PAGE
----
The Rail, Maritime and Transport union formally declared a dispute at London Underground on Tuesday after failing to make progress towards a deal over payment for working during the Olympic Games.
The union rejected an offer of up to £500 for thousands of Tube workers, saying there were too many strings attached. It also said it would ballot hundreds of administrative staff at Transport for London on industrial action over “severely restricted’’ annual leave during the games this summer.
Officials claimed that leave had been banned altogether during the games in one department, which would make life “impossible’’ for many staff, especially those with children of school age.
The RMT has reached several deals with rail companies for extra pay during the Olympics, including a £500 bonus for staff at Virgin Trains and Network Rail, £600 for London Overground workers and an agreement with Docklands Light Railway which union officials said could be worth up to £2,500. Unite is seeking a £500 payment for bus workers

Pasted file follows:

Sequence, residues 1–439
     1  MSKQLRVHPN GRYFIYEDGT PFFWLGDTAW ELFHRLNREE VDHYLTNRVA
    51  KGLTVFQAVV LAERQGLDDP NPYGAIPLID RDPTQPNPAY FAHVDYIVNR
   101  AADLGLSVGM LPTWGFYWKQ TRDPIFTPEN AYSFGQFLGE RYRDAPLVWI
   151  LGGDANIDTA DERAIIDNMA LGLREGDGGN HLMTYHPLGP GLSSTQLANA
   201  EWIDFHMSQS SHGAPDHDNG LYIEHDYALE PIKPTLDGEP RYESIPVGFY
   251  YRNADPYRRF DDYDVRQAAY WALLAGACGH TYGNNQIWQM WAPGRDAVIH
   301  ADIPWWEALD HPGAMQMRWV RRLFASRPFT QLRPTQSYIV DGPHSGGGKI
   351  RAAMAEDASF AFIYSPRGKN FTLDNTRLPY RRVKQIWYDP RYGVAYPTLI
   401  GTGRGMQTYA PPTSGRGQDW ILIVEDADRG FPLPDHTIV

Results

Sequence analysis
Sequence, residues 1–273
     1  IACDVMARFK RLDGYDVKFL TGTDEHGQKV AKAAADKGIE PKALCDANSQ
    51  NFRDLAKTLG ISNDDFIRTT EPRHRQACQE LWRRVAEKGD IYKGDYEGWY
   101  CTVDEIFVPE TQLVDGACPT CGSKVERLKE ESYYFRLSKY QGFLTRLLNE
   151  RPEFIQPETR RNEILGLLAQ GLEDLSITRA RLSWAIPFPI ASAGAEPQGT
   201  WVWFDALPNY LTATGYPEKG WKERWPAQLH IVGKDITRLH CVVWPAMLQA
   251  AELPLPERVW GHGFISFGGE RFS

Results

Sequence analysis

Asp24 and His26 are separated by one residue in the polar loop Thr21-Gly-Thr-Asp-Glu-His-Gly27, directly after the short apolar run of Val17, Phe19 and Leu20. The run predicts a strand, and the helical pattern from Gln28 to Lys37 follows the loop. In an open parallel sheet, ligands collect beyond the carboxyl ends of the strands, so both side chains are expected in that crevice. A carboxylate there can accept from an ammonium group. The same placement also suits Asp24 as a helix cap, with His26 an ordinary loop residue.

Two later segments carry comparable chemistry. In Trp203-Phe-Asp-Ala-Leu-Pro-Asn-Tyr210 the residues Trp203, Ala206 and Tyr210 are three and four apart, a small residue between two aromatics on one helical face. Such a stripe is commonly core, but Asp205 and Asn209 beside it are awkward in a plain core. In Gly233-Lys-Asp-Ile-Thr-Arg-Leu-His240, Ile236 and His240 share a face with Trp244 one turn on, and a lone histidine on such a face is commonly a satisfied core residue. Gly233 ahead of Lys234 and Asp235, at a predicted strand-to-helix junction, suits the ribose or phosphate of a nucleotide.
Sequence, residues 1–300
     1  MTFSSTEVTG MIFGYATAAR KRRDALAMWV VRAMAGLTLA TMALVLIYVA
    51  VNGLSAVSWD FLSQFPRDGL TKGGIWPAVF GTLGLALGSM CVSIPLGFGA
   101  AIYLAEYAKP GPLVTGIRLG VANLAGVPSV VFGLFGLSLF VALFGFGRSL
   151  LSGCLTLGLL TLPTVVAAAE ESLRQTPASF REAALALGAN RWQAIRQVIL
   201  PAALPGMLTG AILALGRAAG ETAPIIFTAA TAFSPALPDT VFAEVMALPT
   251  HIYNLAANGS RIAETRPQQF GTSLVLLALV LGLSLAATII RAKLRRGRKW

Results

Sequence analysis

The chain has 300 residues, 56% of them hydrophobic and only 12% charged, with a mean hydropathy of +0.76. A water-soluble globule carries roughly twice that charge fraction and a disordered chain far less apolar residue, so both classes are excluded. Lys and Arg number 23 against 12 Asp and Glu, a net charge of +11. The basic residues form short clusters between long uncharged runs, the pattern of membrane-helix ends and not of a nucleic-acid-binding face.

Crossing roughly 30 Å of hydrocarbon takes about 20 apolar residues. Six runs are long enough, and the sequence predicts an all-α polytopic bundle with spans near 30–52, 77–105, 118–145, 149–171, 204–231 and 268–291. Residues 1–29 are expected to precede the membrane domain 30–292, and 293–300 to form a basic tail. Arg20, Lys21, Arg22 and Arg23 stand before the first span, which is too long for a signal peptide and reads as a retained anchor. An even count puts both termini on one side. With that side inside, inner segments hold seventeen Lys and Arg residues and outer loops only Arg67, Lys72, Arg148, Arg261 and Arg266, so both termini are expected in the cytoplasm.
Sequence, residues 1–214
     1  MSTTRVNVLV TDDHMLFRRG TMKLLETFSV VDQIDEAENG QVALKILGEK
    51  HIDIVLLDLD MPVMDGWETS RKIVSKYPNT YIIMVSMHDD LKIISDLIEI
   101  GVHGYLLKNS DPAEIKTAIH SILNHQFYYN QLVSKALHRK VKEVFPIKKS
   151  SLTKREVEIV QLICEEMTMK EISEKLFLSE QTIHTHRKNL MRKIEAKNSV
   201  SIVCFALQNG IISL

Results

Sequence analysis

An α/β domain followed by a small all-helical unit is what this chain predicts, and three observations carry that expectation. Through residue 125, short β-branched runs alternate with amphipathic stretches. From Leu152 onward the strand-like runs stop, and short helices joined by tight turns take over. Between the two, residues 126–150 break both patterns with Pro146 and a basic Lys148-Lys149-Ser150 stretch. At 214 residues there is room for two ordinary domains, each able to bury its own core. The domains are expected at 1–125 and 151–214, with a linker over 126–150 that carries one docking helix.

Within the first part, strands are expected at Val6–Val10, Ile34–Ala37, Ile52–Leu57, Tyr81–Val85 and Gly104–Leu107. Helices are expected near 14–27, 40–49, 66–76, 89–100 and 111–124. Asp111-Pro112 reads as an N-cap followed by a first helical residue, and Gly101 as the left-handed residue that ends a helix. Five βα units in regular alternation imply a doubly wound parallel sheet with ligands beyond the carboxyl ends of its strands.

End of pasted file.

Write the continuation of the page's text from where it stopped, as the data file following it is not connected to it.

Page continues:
Bob Crow, RMT general secretary, said: “RMT reiterates our stance that all grades of transport employees are entitled to a decent financial reward for their efforts transporting huge numbers of passengers during the Olympics and are entitled to take leave during the summer. Working conditions and important agreements should not and need not be attacked in order to facilitate Olympic running.’’
Unions say members will have to work extra or longer shifts, change working arrangements and be under increased pressure because of large numbers of visitors to London for the games.
Howard Collins, London Underground’s chief operating officer, said: “We have been in discussion with the unions for many months about working patterns during the Olympics and have put forward our proposals about how to fairly reward staff.
“We have scheduled further discussions with the unions on the issue today and have also agreed to continue talks at Acas later on this week should an agreement not be reached at these discussions.’’
Gillian Alford, TfL’s director of corporate industrial relations, said some office-based staff would be asked not to take leave during particularly busy periods during the games.
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